10 Things to Make Your Blog Awesomer
When I am not designing stellar websites for clients, I spend my time writing a food blog, and every now and then, I give talks to other bloggers about improving their blogging.
I had the opportunity to give a talk recently in San Francisco to a group of new and veteran food bloggers about ten things that they could do to make their blog more awesome. These little tips cover a broad range of blogging sins and traps. The PDF of the full presentation is available to download.
1. Free is inferior.
I am saying it. Free stuff, while awesome in its lack of cost, is still just that: a freebie. Often it is a watered down version of a premium product or a way for someone to advertise themselves. Think about it. That “free” image you are using? You have to link to someone and give them credit. The “free” font service you use? It puts a badge at the bottom of your site.
Many free services require you to link back to them with either a link or a badge. These links can cause confusion to your readers (what exactly is the point of your site and why are you sending them elsewhere?), and you don’t want to confuse your visitors.
“Free” images are often not free either. If you are using a photo someone else took without paying for it, are you sure you aren’t in violation of copyright or the creative commons license under which it was shared?
One last thing about freebies and blogging: are you still using a free domain for your blog, such as yourname.bloggingservice.com? It is time to grow up and upgrade. These domains look free, which isn’t a good look for someone blogging for business. Domain names are a nominal cost. If you are using a free domain because you added a blog to your website after it launched, upgrade to the version that lets you use yoursite.com/blog. You gain instant credibility, so what is stopping you?
2. Put your sidebar on a diet.
Your blog sidebar should not be longer than the content of your blog landing page (the page that lists your most recent posts). Content here should be things that directly support your blog. To decide if something belongs in your sidebar, you should ask yourself three things:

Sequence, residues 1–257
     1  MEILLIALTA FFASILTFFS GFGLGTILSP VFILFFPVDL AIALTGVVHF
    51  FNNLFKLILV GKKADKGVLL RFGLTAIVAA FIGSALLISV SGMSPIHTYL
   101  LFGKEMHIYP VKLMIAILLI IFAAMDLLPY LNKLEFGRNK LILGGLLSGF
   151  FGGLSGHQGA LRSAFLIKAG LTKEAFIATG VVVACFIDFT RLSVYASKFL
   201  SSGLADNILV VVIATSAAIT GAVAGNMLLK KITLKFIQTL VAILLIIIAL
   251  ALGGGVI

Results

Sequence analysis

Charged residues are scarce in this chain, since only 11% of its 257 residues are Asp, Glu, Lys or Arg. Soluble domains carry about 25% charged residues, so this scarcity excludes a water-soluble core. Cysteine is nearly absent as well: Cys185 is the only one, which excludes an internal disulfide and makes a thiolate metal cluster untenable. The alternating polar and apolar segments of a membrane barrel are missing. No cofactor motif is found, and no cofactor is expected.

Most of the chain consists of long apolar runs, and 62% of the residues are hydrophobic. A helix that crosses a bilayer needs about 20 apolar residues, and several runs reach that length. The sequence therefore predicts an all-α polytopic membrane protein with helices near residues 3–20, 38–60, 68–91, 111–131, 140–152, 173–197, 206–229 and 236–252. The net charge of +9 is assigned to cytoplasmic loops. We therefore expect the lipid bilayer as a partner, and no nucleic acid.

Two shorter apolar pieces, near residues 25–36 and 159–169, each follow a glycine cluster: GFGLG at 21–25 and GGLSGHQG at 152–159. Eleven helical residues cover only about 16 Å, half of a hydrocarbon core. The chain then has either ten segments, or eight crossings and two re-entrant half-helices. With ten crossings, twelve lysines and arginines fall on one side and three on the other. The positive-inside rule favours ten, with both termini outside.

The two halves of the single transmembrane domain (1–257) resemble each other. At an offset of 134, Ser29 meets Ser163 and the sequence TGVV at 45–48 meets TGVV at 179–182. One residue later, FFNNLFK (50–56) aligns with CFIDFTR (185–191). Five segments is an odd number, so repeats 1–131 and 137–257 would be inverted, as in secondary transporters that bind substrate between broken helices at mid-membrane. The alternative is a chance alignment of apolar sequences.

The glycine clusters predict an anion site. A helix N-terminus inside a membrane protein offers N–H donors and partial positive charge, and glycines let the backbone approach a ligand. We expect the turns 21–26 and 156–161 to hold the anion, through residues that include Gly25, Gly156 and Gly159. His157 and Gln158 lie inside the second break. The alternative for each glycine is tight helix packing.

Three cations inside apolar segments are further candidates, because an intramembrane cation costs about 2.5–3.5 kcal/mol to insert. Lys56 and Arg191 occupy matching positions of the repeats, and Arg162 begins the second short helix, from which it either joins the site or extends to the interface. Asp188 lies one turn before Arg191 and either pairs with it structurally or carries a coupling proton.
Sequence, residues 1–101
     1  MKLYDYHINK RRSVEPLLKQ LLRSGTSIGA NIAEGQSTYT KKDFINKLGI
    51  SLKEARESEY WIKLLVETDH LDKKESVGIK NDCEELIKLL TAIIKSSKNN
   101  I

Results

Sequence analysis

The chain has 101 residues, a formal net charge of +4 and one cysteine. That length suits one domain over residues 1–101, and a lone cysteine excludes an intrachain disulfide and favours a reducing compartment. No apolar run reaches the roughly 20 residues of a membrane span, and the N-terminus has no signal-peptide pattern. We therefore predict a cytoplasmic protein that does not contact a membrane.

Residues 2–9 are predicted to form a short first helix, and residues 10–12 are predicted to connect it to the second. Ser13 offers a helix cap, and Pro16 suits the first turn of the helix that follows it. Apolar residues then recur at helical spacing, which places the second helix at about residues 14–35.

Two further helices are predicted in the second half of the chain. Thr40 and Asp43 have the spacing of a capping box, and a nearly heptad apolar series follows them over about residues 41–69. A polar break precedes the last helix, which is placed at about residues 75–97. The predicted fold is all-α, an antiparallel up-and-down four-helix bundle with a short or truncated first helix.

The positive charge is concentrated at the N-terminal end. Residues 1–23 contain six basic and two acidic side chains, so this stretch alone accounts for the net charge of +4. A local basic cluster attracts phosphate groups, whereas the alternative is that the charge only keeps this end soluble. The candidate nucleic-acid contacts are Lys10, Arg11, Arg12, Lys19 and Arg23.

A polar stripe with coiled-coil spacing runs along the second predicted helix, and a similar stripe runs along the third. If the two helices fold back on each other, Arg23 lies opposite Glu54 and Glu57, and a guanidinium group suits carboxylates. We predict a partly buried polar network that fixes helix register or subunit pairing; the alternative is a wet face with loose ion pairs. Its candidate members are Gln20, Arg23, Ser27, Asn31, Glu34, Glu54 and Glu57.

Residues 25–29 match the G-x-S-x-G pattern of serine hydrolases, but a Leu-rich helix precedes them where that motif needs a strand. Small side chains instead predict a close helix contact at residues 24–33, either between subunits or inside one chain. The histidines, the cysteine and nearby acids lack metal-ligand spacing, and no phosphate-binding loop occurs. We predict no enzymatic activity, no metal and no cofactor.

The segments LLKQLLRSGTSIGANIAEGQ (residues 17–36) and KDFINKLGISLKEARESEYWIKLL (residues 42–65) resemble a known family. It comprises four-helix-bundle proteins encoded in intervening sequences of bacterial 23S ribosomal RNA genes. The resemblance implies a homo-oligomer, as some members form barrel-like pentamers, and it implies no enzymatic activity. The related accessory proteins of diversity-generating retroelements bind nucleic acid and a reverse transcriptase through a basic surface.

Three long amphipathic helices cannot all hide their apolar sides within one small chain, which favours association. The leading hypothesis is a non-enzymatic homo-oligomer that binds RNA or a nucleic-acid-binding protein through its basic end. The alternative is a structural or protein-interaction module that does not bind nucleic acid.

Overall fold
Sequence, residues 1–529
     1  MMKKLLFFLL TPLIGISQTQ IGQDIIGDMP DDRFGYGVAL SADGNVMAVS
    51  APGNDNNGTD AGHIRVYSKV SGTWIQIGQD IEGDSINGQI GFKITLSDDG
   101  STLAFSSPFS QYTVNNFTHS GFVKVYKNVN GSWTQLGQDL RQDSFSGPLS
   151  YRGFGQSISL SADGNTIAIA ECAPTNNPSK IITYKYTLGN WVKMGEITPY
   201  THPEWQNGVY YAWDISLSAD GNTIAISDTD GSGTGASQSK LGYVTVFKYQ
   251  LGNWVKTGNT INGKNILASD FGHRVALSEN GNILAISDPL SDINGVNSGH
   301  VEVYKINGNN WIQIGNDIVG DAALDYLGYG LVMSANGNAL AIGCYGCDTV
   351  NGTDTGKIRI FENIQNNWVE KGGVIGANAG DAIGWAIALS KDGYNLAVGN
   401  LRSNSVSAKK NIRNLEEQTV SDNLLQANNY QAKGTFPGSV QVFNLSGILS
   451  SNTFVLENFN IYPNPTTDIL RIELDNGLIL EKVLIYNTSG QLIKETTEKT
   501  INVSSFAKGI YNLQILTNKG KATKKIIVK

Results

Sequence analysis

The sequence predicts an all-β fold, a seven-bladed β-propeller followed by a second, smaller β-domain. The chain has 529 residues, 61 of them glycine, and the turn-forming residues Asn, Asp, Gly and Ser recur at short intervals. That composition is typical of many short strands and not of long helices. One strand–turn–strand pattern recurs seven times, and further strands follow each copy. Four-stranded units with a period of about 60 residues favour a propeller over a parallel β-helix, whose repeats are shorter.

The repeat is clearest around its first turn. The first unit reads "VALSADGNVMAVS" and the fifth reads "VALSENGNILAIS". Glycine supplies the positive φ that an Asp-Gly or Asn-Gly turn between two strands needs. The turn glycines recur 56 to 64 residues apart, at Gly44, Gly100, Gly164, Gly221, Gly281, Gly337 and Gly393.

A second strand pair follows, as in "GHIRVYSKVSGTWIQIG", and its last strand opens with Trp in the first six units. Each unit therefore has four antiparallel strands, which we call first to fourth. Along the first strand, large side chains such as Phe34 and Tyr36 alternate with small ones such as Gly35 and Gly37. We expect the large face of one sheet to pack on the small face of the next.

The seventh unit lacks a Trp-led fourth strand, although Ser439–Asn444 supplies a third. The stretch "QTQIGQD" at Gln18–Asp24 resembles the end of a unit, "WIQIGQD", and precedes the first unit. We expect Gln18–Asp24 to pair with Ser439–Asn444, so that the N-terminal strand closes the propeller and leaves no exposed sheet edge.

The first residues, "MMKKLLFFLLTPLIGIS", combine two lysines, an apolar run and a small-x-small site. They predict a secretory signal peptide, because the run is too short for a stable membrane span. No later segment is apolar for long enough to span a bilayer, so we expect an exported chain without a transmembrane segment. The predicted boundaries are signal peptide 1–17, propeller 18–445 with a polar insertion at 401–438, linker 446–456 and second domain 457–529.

- Does it need to be on your site? If the content doesn’t need to be on your site, why is it there competing with the content that matters? Take it off. I know bloggers love badges that show groups and blogging events, but often these items make up enough content for a page.
- Does it improve or impede site usability? Category lists? Helpful. Tag clouds? Not so much. If the content in your sidebar doesn’t help get a visitor to additional usable content, it isn’t pulling its weight and needs to go.
- Should it be in your sidebar or on a page? I see it all the time: full, multi-paragraph author bios. Or stories. Long lists of affiliations or blogs. These items belong on a page of their own, not trapped in the narrow columns of a sidebar.
Doesn’t that feel better? All that extra weight is gone, allowing visitors to focus on what matters most: your content. If all else fails, just follow these sidebar best practices.
3. Take charge of your content.
Speaking of content, blogs are often the wild west of web content. The pages for the rest of the site are carefully planned, but the blog is just allowed to grow wild. This is no bueno. You need to take charge of what is getting added to your site.
Start by giving your categories a good, hard look. If your blog posts fit into more than one category more often than not, you are doing it wrong.
Tags, when used correctly, can improve SEO and organization. Often, things that you use as categories can be used as tags instead. Think of your blog as Ford. Your categories are the models of your cars, and tags are things like the color, transmission, and other optional features.
Finally, have a plan, but don’t be married to it. Aim for regular posts. Maybe weekly, maybe monthly. If it needs to change, that is ok. If the topics you cover gradually evolve, embrace it. A plan is a good place to start, but it can make a mighty awful trap.
4. Play nice in the sandbox.